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Written by Zack Snyder, Kurt Johnstad and Michael Gordon
Directed by Zack Snyder

Additional review writing by Trevor Adams

Spartan King Leonides: Pray that they are not so dumb.
Pray that we are lucky.

Have you ever heard of a little argument called, “Style vs. Substance?” If you haven’t, I’m afraid I cannot help you. You must stop reading now. No, seriously, of course you know the debate. In a visual world, what holds more relevance, the way something looks or what is ultimately being said? When related to film, some would argue that style can and should exist without the burden of having to show meaning, that a provocative, effective aesthetic can stand alone. Others would argue that beauty is only skin deep and that without meaning or attention placed on other areas of focus, one is left with an empty experience. In this review, this argument will be applied to Zack Snyder’s 300, a film that is drawing mass hordes of people to the theatre to feast upon its blood soaked violence, based on the Frank Miller (SIN CITY) graphic novel. Included amidst these masses are my roommate, Trevor Adams, and myself. Trevor will argue for style and I will argue for substance. Trevor has a background in animation and special effects and carries with him a childhood love for comic books and video games. All of these influences lent weight to his enjoyment of 300. If you’re a regular reader and you know me at all, you know that I am most satisfied by well-strung words that are given even more meaning by appropriate and innovate visuals. Trevor and I are two people with often similar views that left the theatre entirely polarized. Whereas he saw art, I saw a failed attempt.

TREVOR: Truthfully, I’m not so much a fan of blue/green-screen filmmaking. If the recent STAR WARS films are examples of using this technology to create an entire feature, why would I be interested at all in seeing this 300 film? 300 Spartans acting in front of a screen that would later be replaced by computer graphics just didn’t appeal to me as a concept. I blame the trailer for convincing me of otherwise. In its 2 minutes, I knew that this was going to become an important art film that would have to fight to assert its value. The frames are painted in a way that they create an astoundingly beautiful, living comic book. I’ve treated myself to reading a number of comics in the last few weeks and although the stories and dialogue make my eyes roll in a way that sometimes gets me dizzy, the drawings, color and composition keep me heavily interested and eagerly turning to the next page. 300 is no different. A single film frame can be worth a thousand words of script. The fight sequences are so strikingly rendered, I found myself at points begging for the director to slow down so I could absorb more of each and every frame … and in fact, at times, that was exactly what he did. My appreciation of this film lies not within the 300 naked Spartans or the violence they promote that brought on the comic book geeks and raving macho WWE crowd, but rather within the frames of perfection that I was given. I was so filled with love for what my eyes were witnessing, the style became the substance of this film.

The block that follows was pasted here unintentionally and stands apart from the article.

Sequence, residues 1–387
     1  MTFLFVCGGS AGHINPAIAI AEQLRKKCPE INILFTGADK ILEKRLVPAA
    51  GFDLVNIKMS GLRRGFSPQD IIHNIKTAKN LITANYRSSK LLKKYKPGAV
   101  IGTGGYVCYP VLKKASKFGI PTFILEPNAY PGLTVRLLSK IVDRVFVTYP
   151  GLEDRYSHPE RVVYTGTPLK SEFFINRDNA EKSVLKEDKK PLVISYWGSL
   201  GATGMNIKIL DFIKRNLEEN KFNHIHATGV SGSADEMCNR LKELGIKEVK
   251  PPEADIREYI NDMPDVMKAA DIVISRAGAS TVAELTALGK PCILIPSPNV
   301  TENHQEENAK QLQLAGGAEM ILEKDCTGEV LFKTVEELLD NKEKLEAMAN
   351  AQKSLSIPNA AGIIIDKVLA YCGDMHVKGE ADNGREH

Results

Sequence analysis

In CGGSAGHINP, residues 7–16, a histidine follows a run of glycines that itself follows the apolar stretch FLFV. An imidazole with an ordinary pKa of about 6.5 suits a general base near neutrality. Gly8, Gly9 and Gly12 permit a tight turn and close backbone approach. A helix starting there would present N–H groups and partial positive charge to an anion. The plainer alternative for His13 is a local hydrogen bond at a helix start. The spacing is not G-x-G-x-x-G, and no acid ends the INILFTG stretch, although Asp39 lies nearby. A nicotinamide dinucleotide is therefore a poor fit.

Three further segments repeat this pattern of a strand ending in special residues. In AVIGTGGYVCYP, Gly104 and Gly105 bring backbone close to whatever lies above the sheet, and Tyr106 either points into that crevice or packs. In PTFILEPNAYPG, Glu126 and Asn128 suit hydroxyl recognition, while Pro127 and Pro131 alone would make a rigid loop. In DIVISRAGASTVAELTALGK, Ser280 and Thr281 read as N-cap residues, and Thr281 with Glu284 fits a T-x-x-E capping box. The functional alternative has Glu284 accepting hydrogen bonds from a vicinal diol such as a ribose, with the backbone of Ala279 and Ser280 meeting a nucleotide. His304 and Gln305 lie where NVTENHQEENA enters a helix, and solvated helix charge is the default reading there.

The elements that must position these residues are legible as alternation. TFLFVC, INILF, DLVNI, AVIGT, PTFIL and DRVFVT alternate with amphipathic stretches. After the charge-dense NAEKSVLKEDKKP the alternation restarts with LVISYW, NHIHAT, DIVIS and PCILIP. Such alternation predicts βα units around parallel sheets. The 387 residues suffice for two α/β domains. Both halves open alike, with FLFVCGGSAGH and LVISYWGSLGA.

JOE: It’s not that I cannot applaud 300 for its innovation and effort. The framing at times approaches a higher level of art and the tonality and quality of the film are engrossing, despite the obvious GLADIATOR influence. What GLADIATOR had that 300 does not is depth, a more personal sense of urgency and purpose. Spartan King Leonides fights with passion and love for his empire but his almost entirely faceless army fights blindly alongside him. 300 spends little time establishing itself historically and even less time developing its cast past their drone status so what you are left with is a bunch of boys in battle. It is violence for its own sake and its energy is not enough to overlook the banalities of their dialogue or the ridiculous fashion in which that dialogue is delivered. Even the look wears thin. As one fight leads to another with little to no other development taking place in between, the cheaper elements of the design unveil themselves. Gimmicky monsters appear to attempt new levels of excitement and the skimpy outfits and painted-on abs of the Spartans draw attention to the film’s thinly veiled intentions. 300 is nothing more than a stylized masturbatory fantasy of violence, blood and misogyny. In other words, it is pure Frank Miller.

TREVOR: The story is simple in 300. It doesn’t try to hide itself under any complicated military strategies, nor does it weave in any intricate politics within the Spartan government. Zack Snyder simply connects the simple dots of Frank Miller’s story and then beautifully paints his colors within and around those lines. It’s not that I couldn’t go on and on about the elements that bothered me in this film (i.e. the Golem-like ogre character; the horribly-acted Xerxes; or the simple fact that this was based on a Frank Miller comic book), but I‘d rather take the same approach I did in exiting the cinema: Focus on what I loved. No film is perfect, but there can be perfect moments. This film had about 300 of them.

JOE: There are certainly a select group of film and graphic geeks, like Trevor, who will see this film with the sole purpose of devouring its visual extravagance. It is their art and I do not begrudge them of it. As far as I am concerned though, when a filmmaker spends all of his focus on one element of style and allows for so many other formal aspects to just get by on their own, you are left with a hollow shell. 300 is beautiful but beauty fades fast when there is nothing underneath.



One Comment

  1. Hey Joe:
    Another great review. I called you the other day at work and someone said they’ve never heard of you… 😛 RSP Season makes people crazy.

    Talk soon.


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